Early Intervention Lisburn carried out a consultation to hear directly from young people what matters to them. 236 young people living in Lisburn participated in the consultation either through focus groups or responding to an online questionnaire. They were asked:

  • What issues and challenges do young people growing up in Lisburn currently face?
  • Do young people feel they have a voice and how is this responded to?
  • What would improve young people’s life experiences?

The consultation highlighted that young people in Lisburn felt there were few spaces for them to hang out, there was a lack of sports provision and they felt strongly that the environment in relation to litter and graffiti could improve. Other concerns expressed were the increase use of drugs and abuse of alcohol, bullying and peer pressure with the added pressure of social media making it difficult to get a break from such issues.
Mental health was a significant concern for young people with not enough services available to help when needed. They expressed a need to talk more to people that they trust about how they feel and reduce the taboo of mental health. The young people stated that they are not listened to enough especially by politicians and they would value the opportunity to have their views taken into consideration.

It was on this basis that Early Intervention Lisburn led a political engagement held in Parkview Special School on Thursday 8th November 2018. 26 young people from the Youth Council, Resurgam Trust youth service, YMCA youth service and Youth Initiatives Lisburn attended the event. The political panel was made up of Sir Jeffrey Donaldson MP, and 4 local MLA’s Paul Givan DUP, Edwin Poots DUP, Trevor Lunn Alliance and Robbie Butler UUP. The engagement was facilitated by Professor Peter Shirlow FAcSS, Director of Irish Studies, University of Liverpool. The Right Worshipful the Mayor of LCCC Counsellor Uel Mackin made the opening remarks.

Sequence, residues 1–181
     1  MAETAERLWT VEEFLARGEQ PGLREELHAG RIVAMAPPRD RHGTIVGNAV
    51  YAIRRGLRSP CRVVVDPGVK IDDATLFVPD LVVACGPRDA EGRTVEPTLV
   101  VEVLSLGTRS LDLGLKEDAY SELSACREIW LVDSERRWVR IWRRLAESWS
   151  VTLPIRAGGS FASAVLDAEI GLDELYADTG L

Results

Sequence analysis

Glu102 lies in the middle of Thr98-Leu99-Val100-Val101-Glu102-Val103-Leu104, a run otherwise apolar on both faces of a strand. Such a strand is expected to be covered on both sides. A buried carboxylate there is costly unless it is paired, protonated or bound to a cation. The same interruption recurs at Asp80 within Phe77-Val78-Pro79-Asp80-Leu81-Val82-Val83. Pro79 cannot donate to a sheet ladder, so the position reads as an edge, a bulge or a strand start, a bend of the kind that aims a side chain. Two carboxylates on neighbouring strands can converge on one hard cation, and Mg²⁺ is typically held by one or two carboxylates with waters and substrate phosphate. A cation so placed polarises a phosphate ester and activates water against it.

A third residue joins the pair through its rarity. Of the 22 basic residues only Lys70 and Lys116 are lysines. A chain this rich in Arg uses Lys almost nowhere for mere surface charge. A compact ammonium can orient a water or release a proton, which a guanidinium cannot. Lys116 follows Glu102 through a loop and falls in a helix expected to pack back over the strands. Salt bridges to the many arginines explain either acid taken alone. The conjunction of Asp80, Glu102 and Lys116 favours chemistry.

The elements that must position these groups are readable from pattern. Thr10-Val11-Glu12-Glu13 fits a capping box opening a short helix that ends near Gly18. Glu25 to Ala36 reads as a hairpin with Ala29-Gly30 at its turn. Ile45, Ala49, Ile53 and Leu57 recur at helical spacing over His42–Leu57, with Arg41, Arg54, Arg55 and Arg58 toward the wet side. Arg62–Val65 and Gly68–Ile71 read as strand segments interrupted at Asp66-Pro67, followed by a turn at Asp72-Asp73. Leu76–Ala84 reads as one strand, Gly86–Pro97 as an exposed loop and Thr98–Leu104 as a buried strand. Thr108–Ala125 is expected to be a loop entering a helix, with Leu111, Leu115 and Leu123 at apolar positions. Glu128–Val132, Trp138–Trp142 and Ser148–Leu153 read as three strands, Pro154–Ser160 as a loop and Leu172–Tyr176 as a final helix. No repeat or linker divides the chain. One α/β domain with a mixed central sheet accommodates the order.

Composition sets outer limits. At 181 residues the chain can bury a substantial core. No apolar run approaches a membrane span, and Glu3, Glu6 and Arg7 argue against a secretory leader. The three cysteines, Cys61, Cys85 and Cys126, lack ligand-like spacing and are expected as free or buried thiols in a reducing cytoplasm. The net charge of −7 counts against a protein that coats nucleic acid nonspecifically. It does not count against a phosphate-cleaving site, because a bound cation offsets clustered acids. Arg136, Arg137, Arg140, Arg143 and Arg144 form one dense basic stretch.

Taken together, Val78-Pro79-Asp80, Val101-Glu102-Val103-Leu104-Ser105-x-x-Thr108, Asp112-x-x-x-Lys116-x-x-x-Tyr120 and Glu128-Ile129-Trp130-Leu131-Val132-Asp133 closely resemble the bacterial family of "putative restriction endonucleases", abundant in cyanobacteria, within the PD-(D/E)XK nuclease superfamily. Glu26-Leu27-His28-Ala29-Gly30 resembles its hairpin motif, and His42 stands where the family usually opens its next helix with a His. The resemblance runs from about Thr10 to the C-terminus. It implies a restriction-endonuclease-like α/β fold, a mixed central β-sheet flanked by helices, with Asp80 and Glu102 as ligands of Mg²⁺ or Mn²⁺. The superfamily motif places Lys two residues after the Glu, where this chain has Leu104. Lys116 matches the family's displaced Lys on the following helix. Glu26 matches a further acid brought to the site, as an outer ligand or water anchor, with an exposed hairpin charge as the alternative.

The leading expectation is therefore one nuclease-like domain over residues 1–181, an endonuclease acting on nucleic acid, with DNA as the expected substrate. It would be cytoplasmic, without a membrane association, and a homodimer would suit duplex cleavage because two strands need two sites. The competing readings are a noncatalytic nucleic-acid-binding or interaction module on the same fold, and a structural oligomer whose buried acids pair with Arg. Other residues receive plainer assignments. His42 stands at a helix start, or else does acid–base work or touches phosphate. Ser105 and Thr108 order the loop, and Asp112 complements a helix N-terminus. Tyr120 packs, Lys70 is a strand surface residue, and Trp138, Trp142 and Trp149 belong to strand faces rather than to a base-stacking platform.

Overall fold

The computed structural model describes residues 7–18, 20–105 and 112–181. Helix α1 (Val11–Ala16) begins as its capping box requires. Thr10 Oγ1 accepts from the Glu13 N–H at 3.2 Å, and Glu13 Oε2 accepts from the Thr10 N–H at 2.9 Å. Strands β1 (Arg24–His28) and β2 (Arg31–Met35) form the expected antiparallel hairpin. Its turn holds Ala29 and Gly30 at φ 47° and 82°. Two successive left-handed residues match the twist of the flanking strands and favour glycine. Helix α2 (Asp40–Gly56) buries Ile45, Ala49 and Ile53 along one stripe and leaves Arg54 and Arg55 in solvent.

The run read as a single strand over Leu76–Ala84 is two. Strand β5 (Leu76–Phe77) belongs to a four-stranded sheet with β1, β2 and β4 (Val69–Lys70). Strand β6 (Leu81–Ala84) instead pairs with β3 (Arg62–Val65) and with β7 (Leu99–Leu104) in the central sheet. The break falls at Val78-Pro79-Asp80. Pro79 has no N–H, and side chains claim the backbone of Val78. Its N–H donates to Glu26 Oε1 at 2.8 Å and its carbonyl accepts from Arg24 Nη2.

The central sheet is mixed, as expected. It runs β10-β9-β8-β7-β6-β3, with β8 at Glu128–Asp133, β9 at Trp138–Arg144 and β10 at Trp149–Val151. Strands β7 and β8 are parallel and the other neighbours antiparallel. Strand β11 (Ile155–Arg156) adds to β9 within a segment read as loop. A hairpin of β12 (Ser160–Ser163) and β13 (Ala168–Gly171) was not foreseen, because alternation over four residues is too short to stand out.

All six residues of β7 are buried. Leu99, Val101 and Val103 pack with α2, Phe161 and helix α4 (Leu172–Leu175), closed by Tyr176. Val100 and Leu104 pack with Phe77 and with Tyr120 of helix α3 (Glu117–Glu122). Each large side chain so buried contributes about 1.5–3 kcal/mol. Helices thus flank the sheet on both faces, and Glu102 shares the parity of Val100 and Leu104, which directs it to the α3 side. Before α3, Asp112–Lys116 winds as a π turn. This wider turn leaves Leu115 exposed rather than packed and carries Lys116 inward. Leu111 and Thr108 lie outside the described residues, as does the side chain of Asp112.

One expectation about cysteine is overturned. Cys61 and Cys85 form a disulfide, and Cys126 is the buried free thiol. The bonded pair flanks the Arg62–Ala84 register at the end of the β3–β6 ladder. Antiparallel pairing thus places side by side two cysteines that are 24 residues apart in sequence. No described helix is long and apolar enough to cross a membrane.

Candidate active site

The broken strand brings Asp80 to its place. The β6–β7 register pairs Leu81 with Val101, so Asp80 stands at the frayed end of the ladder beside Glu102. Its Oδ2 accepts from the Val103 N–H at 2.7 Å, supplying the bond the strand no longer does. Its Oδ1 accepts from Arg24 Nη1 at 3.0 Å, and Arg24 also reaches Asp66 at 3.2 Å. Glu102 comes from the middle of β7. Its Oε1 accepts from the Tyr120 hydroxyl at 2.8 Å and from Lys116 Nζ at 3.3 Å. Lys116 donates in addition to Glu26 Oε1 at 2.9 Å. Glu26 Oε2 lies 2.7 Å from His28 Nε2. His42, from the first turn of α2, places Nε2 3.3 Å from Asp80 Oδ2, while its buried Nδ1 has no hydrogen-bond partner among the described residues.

What difference did it make?
The politician’s agreed that they need to become more relevant to young people if they want them to vote or engage in politics. The young people were encouraged to engage with the politicians on Twitter/Facebook, to voice their issues and views which would inform the local politician’s opinions and decisions. The Mayor of Lisburn & Castlereagh Counsellor Uel Mackin invited the young people to visit his chamber for a further discussion. The political panel agreed that this was a starting point and further engagements would continue with young people in Lisburn and a round table discussion is planned for the New Year.

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